For the benchmark I used the raw log files available at SLAM bechmark dataset. These are CARMEN .clf log files (if I am not mistaken). To use these logs with ROS I created a small program to convert .clf to .rosbag.

I took the time to redo the tests and you are correct, the scale is not obvious.

The original GMapping values were taken from a HP ProLiant with two Intel Xeon CPU E5-2640 0 @ 2.50GHz (Max Turbo Frequency 3.00 GHz) running Ubuntu 16.04 TLS.

Here are some values taken from the same computer, a Thinkpad L480 with an Intel i7-8550U CPU @ 1.80GHz (Max Turbo Frequency 4.00 GHz) running Ubuntu 18.04.3 LTS.

exec. time (s) LaMa Online SLAM LaMa PF SLAM LaMa PF SLAM (4 threads) GMapping
ACES 3 34 11 77
Intel 5 34 12 182
CSAIL 3 48 15 140
Fr079 4 62 25 410

Maybe I should also take the time to test Cartographer.

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I like the direction this thread is taking…

Lot of us care about the quality of localization and it is hard to figure out the pros and cons of different algorithm, being also Karto one I would add to the list.

It would be very nice if we figure out a way to make these benchmark easily reproducible, maybe with a Docker image and a Gthub repository where people can add their own algorithm to the test.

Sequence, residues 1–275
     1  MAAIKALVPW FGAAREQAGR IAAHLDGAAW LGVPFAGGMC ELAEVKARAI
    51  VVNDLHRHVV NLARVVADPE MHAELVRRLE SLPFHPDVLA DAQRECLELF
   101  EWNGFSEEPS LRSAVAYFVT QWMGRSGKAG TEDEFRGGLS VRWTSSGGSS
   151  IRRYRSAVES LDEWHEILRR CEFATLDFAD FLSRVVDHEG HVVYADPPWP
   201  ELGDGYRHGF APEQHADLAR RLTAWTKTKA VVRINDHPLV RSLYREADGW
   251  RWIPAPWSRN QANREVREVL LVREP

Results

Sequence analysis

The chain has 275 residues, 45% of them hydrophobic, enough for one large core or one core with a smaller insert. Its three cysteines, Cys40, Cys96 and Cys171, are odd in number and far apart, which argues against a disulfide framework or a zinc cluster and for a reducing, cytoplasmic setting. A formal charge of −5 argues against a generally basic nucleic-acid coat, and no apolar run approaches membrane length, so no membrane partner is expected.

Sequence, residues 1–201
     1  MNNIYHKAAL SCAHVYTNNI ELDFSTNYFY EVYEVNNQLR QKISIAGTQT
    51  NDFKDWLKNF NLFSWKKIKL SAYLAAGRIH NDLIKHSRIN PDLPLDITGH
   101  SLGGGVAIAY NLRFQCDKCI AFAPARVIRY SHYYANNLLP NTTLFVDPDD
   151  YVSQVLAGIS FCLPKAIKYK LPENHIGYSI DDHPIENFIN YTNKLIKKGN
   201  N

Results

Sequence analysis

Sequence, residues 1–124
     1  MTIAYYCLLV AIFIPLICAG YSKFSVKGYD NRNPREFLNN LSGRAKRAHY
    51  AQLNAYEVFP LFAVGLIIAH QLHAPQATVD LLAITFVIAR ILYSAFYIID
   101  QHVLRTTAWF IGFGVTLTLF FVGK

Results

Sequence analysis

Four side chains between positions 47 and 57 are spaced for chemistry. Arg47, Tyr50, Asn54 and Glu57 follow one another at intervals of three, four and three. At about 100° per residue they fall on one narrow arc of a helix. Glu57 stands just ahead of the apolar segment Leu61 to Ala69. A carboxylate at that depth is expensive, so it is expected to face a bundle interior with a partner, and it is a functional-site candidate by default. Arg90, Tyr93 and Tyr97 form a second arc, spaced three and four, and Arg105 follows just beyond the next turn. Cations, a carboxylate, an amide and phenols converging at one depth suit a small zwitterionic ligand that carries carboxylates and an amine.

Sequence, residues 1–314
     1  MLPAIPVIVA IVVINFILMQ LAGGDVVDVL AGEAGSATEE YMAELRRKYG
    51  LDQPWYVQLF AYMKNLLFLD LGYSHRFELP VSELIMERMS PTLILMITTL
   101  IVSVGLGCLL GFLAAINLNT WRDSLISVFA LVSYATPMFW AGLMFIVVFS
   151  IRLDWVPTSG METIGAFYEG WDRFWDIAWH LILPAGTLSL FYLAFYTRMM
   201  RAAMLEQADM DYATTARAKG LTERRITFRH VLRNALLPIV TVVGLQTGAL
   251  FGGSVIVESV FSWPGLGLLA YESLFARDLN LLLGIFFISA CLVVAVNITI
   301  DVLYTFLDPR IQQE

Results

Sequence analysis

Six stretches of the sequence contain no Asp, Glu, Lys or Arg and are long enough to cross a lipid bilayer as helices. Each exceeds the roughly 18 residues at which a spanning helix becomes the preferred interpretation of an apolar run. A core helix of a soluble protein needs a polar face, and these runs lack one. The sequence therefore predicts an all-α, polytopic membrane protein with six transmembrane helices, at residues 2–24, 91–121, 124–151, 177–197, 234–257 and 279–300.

If we dream big, we may even associate a continuous integration machine and get updated about new results!!! :star_struck:

Something that I consider valuable is the amount of tuning that a certain algorithm need.

With Cartographer, I always have the feeling that I can play with hard to understand parameters to make it work. I know that there are parameters that EVENTUALLY will give me an amazing map, but it could be frustrating.

Something I appreciate of iris_lama is that it just worked, at least with my dataset.

Benchmarking different SLAM algorithms (for map/localization quality and speed) is not a straightforward task. Benchmarks such as the SLAM benchmark try to be objective (and it kinda is), but, the final result can (and most likely will) be influenced by the parameters of the algorithm. This is most evident If I am the one trying to do the benchmark without fully understanding what the parameters do. And just like @facontidavide said, this can be frustrating.

Nonetheless, I do believe that benchmarking is necessary. It creates a healthy competition that can result in improvements. For example, the KTTI Visual Benchmark Suite has a leader board where the authors of a solution submit their code with proper parametrization for evaluation. Maybe something like this could exist for SLAM? I usually have to search for papers to find this kind of information.